New Sensory Room Soothes Memory Care Patients

A new sensory stimulation room in the SKLD Zeeland Gilead Unit has become a game changer for memory care patients, providing a variety of soothing and mesmerizing tools in one space. Patients’ families and even residents living on other floors of the facility are enjoying the room as well, with the stimulating and comforting fixtures, such as fiber optic lamps and curtains and bubble tubes. 

Watch a virtual tour of SKLD Zeeland’s sensory stimulation room for patients with dementia and Alzheimer’s disease

Changing Behavior 

Studies have found that multisensory stimulation rooms (MSSRs) for people with dementia can have immediate positive effects on the behavior and mood of people with dementia, which is closely correlated to resident falls. For example, in a randomized controlled study, researchers found that immediately after MSS sessions, patients talked more spontaneously, related better to others, did more from their own initiative, were less bored/inactive and were more happy, active or alert.

When the sun sets each day, patients with forms of dementia and Alzheimer’s disease tend to become more agitated, resulting in stress and an increased risk of falling. For residents at SKLD Zeeland, the largest memory care unit in the area of western Michigan, this can become even more chaotic. 

“Having so many residents feeling a sense of urgency at the same time can mean they are tempted to hurry past one another and possibly fall,” says Rachael Stapley, life enrichment director.

The sensory room at SKLD Zeeland was a long-time goal of Rebeka Moeggenborg, SKLD Zeeland recreational therapist. “I learned about MSSRs in school, and then I was seeing agitated behavior and wanted a non pharmacological fix,” she says.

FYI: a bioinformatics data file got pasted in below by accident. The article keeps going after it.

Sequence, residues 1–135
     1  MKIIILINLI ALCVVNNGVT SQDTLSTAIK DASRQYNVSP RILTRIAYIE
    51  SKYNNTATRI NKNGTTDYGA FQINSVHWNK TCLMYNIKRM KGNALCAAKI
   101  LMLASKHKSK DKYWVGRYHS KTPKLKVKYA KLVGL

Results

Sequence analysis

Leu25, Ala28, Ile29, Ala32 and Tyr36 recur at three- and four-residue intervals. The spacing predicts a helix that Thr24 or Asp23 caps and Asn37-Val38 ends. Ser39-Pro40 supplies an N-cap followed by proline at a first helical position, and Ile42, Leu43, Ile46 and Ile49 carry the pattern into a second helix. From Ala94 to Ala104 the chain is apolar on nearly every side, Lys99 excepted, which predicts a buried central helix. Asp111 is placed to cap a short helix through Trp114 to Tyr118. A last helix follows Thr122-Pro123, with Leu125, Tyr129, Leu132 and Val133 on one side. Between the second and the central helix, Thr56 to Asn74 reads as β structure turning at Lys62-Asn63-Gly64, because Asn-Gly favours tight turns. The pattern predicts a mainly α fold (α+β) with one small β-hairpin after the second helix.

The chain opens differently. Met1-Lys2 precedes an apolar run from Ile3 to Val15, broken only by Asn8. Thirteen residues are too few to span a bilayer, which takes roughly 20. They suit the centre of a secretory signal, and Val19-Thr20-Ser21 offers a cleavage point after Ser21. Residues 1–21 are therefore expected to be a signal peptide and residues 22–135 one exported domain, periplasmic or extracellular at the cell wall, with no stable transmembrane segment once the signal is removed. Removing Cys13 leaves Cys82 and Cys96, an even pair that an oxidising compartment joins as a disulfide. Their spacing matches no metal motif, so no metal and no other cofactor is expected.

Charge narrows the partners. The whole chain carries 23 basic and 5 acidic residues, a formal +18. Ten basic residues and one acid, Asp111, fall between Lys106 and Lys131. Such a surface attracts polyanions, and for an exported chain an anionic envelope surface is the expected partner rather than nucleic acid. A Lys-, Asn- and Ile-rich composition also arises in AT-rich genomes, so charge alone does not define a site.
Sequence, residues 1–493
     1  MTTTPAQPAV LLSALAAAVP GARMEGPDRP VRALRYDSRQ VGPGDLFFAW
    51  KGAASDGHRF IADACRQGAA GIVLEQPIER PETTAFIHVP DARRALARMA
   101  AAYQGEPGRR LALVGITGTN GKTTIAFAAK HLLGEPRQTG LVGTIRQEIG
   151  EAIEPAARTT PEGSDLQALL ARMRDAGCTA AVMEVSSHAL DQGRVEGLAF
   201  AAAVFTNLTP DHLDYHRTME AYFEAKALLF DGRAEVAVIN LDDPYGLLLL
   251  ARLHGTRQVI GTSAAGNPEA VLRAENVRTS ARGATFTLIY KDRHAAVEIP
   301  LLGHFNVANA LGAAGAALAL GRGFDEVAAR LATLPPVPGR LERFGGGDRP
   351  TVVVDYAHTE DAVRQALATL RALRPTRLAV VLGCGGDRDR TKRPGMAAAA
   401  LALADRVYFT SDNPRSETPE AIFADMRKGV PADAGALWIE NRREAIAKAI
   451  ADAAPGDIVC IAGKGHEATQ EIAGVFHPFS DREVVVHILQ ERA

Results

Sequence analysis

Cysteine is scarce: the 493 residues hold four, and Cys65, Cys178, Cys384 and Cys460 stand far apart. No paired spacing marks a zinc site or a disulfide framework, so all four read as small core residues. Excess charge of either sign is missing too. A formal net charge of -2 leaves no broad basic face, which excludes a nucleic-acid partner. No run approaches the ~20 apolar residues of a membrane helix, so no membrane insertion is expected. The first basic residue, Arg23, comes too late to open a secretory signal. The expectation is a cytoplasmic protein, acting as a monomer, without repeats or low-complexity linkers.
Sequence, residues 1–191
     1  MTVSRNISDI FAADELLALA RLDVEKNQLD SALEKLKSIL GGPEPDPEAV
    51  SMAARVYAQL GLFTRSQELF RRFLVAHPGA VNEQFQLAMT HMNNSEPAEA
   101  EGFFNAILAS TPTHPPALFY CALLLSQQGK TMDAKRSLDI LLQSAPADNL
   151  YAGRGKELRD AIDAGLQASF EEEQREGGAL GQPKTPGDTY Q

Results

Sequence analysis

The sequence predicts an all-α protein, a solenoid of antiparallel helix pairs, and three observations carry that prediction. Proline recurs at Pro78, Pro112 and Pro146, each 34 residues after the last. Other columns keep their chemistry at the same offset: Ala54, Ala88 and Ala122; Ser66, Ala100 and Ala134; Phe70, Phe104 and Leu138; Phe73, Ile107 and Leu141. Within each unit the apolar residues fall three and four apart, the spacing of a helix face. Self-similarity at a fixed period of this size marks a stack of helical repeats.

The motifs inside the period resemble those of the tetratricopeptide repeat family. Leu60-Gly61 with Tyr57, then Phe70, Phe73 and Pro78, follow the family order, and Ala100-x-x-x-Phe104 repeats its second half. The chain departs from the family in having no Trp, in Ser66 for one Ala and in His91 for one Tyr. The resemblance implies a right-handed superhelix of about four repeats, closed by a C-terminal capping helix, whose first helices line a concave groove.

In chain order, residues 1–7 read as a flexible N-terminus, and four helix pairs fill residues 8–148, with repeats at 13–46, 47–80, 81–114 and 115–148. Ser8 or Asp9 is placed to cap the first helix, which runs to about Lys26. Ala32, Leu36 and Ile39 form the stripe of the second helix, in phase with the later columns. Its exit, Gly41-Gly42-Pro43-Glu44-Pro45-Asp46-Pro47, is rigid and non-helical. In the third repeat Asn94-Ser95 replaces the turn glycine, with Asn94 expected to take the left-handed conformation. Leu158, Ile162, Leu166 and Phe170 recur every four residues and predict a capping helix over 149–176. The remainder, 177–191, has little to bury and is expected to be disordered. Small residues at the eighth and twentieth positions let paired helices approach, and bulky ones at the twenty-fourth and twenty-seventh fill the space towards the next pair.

Features in the SKLD sensory room reduce anxiety

  • Blackout shades

  • Fiber optic lamps and curtains

  • Bubble tubes

  • Ceiling light projector

  • Weighted blankets

  • Life-like animals and baby dolls

  • Music players

  • Fidget tools

Using the room

Moeggenborg says she checks behavior logs from social workers and then tries to pinpoint those residents who could benefit from visiting the sensory room at specific times. She is logging the visits in order to collect data on whether the room is helping to reduce agitation.

Stapley says this makes residents less likely to urgently want to get up and out. “A lot of late-stage dementia brings restlessness, and a lot of residents trying to get themselves out of chairs. We are hoping to reduce that.”

Staff are already seeing anecdotal evidence of benefits. “Falls are often related to anxiety and overstimulation so now we are able to bring patients to a room that’s quiet, dark and comforting, and this blocks out negative, overwhelming stimulation,” says Stapley.

As a day room, residents have the option to visit the sensory room at any time, and some of the mobile tools—like the lifelike cats and babies—are available throughout the facility. Residents from other floors are also checking out the space, and visitors like to stop by in amazement too. “It’s been a great icebreaker for grandkids, especially,” says Moeggenborg.

The sensory room is just one of the ways staff at SKLD Zeeland are working to continuously improve care in the memory care unit. Employees regularly join dementia simulations to gain a sense of what their patients experience, and all staff join a video training by dementia expert Teepa Snow.

Want to know more about SKLD Zeeland’s outstanding memory care unit? Contact us for a tour!

Wendy Margolin